Aug 27, 2023 - News

How Denver ended up with two MLK statues

A Rocky Mountain News photo shows Martin Luther King Sr. standing near the first statue honoring his son at City Park in Denver in 1976. Photo: Esteban L. Hernandez/Axios

You've likely seen the Martin Luther King Jr. statue at City Park.

Details: The nearly 10-foot statue towers over a larger plaza in the park's southwest corner. The bronze structure includes MLK's likeness and people who inspired him: Frederick Douglass, Mahatma Gandhi, Rosa Parks and Sojourner Truth.

  • Called "I Have a Dream," the public artwork was completed by artist Ed Dwight after he was commissioned by the city. It was installed in 2002.

The intrigue: This was actually the second memorial King statue at the park, replacing one that faced controversy over the way it displayed King.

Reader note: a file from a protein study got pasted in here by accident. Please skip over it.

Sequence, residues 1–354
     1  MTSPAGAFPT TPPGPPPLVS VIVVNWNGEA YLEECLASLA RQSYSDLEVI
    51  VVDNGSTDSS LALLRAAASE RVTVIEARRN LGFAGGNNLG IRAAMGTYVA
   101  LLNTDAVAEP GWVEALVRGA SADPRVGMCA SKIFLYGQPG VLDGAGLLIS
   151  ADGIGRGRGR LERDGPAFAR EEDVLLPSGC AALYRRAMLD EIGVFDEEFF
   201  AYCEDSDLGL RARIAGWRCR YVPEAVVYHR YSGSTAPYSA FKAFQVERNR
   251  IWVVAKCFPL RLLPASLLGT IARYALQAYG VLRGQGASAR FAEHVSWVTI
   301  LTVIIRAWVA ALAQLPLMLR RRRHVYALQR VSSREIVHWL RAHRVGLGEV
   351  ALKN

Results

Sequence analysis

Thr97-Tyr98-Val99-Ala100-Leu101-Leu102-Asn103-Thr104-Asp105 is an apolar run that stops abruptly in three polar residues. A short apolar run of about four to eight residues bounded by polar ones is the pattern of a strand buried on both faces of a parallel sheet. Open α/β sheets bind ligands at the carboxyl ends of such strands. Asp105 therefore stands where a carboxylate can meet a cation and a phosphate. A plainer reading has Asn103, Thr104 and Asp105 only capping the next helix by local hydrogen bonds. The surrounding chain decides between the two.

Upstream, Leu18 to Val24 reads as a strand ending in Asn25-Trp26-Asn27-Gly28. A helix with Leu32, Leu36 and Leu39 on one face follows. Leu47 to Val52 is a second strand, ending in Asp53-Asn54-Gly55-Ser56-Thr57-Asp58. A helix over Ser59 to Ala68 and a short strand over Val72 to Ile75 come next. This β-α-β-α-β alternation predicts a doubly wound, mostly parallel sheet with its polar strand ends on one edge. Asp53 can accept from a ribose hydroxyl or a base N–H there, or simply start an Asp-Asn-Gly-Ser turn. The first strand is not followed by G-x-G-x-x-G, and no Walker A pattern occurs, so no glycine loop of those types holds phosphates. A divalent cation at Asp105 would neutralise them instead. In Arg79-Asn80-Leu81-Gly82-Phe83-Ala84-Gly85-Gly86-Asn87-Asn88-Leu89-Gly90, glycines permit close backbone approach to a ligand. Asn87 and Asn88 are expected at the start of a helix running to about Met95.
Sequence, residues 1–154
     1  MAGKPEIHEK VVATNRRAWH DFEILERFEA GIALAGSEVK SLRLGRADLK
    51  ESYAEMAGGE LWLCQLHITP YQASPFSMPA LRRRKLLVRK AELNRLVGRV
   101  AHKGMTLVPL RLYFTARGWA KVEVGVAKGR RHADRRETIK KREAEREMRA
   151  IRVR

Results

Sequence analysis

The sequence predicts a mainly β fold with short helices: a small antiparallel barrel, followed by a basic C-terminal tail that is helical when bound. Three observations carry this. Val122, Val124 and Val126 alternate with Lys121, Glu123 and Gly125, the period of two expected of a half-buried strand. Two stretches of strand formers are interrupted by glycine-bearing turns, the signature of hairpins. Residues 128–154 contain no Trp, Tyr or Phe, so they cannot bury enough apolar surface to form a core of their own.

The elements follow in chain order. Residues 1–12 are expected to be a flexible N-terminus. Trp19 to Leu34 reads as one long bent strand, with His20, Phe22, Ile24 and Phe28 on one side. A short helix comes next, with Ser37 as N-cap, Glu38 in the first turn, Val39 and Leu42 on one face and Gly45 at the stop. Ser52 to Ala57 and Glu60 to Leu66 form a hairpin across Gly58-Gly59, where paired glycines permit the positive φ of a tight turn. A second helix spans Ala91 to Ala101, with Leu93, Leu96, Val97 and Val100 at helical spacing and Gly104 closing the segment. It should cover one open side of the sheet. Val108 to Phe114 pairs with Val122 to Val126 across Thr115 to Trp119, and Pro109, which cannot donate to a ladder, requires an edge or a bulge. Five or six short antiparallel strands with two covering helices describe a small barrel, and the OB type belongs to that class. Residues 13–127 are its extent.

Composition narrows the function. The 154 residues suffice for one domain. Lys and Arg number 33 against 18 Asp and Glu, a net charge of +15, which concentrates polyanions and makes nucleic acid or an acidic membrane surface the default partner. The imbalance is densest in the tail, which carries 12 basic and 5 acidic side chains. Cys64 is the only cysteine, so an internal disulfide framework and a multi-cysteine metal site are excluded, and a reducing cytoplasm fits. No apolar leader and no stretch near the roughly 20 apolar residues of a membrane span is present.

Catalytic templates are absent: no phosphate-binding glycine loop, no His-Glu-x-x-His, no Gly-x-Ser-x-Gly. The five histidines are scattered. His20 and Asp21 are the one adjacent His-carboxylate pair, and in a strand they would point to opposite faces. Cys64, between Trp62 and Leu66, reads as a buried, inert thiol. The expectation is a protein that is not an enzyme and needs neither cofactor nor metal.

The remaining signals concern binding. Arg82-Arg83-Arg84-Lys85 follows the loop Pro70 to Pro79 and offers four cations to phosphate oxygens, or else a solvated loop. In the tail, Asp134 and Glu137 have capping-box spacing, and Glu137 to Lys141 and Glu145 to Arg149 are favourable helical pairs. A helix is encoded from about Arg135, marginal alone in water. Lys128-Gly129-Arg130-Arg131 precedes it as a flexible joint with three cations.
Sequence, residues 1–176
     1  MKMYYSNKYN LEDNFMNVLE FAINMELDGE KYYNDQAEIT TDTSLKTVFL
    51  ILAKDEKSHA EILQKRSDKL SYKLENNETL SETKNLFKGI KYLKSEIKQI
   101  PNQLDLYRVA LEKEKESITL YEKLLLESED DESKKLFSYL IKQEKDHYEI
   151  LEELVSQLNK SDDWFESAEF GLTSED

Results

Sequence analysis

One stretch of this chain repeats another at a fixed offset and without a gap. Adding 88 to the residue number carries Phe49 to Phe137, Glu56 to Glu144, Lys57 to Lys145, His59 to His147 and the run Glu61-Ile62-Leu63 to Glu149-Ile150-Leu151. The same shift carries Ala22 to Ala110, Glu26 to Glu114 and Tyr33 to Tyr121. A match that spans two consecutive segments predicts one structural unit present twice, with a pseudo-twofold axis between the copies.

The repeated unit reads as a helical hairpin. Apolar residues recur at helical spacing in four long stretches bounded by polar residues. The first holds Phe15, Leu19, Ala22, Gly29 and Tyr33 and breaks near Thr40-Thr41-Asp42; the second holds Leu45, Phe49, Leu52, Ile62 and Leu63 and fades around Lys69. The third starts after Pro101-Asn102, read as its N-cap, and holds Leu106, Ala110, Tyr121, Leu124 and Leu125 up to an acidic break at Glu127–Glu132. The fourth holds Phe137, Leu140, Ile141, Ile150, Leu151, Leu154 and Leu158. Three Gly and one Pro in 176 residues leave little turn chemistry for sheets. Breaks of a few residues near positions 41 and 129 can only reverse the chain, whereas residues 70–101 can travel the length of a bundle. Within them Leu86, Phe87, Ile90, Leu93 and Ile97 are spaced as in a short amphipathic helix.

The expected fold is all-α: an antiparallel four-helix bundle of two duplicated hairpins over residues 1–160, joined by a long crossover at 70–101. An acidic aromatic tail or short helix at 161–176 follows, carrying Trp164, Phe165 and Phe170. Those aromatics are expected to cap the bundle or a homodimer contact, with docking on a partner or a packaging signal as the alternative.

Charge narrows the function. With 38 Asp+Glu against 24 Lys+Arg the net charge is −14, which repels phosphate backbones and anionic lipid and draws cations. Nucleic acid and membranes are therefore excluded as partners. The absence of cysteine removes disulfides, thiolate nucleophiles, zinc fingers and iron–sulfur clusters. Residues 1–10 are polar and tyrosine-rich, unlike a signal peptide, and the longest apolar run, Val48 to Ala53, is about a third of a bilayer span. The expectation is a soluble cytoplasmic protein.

The current Martin Luther King Jr. Memorial Statue at City Park. Photo: Brian Brainerd/The Denver Post via Getty Images

State of play: That first statue, erected in 1976 and created by artist Ed Rose, featured the likeness of King and Emmett Till, the 14-year-old who was lynched in Mississippi in 1955.

  • Members of the Martin Luther King Jr. Memorial Foundation, which commissioned the statue, said that it didn't look like King, leading to a dispute over payments for the artwork, per the Denver Post.
  • It was taken down in 2002 and replaced with Dwight's sculpture.

Of note: Rose's statue is still on display. It stood outside the Martin Luther King Jr. Museum and Cultural Center in Pueblo until the museum closed in 2016.

  • It's now outside the Friendly Harbor Community Center in Pueblo, according to Westword.

Go deeper: Remembering Martin Luther King Jr.'s legacy in Denver


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